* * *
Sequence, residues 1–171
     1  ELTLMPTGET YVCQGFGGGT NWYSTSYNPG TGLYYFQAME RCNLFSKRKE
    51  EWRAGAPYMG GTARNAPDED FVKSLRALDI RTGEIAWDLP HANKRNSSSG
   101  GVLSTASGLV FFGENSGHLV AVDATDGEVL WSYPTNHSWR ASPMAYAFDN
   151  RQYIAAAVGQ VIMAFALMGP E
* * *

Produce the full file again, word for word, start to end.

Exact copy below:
Sequence, residues 1–171
     1  ELTLMPTGET YVCQGFGGGT NWYSTSYNPG TGLYYFQAME RCNLFSKRKE
    51  EWRAGAPYMG GTARNAPDED FVKSLRALDI RTGEIAWDLP HANKRNSSSG
   101  GVLSTASGLV FFGENSGHLV AVDATDGEVL WSYPTNHSWR ASPMAYAFDN
   151  RQYIAAAVGQ VIMAFALMGP E